1776 $1 CURRENCY, Pewter MS (PCGS# 794)

The September 2011 Philadelphia Americana Sale

  • Auctioneer:
    Stack's/Bowers
  • Lot Number:
    1110
  • Grade:
    MS64
  • Price:
    $127,075.00
Lot Description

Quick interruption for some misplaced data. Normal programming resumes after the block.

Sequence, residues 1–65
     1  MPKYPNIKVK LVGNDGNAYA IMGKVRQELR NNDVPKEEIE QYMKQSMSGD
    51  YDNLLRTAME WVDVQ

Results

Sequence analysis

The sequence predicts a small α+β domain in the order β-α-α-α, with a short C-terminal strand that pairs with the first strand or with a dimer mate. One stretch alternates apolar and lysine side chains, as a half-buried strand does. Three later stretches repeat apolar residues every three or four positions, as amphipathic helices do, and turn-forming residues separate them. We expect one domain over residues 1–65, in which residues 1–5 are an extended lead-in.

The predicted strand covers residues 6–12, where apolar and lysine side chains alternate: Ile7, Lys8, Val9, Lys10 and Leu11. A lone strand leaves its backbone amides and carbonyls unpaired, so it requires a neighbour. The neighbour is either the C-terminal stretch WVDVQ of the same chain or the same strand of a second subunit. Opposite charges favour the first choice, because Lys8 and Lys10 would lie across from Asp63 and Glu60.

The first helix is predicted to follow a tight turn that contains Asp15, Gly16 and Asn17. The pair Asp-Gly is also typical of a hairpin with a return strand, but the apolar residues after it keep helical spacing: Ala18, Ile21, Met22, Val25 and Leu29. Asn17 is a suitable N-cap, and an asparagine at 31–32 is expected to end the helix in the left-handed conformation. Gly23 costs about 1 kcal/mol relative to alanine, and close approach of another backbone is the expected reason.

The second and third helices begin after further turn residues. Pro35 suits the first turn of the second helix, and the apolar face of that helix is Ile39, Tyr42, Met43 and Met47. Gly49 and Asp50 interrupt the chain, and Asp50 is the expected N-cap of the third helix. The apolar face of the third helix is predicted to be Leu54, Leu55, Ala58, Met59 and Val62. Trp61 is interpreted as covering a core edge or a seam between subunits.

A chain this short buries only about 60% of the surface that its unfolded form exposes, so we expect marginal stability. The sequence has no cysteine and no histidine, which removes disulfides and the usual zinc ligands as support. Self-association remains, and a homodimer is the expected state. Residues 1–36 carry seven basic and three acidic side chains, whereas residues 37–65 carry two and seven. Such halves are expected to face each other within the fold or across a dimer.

Satiny and lustrous steel gray with bold white mint frost in the protected areas. Nicely centered and equally nice in strike quality with full design elements on both sides. We note a tiny spot of tin pest on the reverse at the South Carolina ring, otherwise we're hard-pressed to offer up any other criticisms.&nbsp;Interestingly enough, the sun's face on this variety seems to be <em>scowling.</em> Possessed of the most <em>historical</em> of all dates in American history, certainly more so than 1492, 1620, or any other dates, the Continental Currency issue of 1776 represents the only available coinage produced in America with the year of our Revolutionary birth as its most prominent calling card. Choice and appealing, a coin that would be a "superstar" in any&nbsp;gathering of colonial-era coinage.<br /> The origin of the Continental dollars of 1776 is shrouded in mystery, although&nbsp;it is almost certainly rooted in the desire of the Continental Congress to issue a circulating medium of exchange that would help the United Colonies fight the war for independence from Great Britain. What we do know for certain is that the Continental Congress passed four resolutions during 1776 for the issuance of&nbsp;<em>paper currency</em>. The first two resolutions,&nbsp;dated to the month of February and&nbsp;May 9, provided for various denominations of paper currency that included the $1 note. The resolutions of July 22 and November 2, however, failed&nbsp;did not include the $1 denomination. It seems likely, therefore, that the Continental Congress had plans to replace the paper $1 note with the metallic Continental dollars.<br /> &nbsp;&nbsp;&nbsp;&nbsp;The greatest number of Continental dollars produced were struck in pewter, and these may have been the pieces that the Continental Congress intended for function in place of the $1 notes. It is likely, however, that the original plan also included&nbsp;an "upgrade" (if you will)&nbsp;to silver Continental dollars of full int
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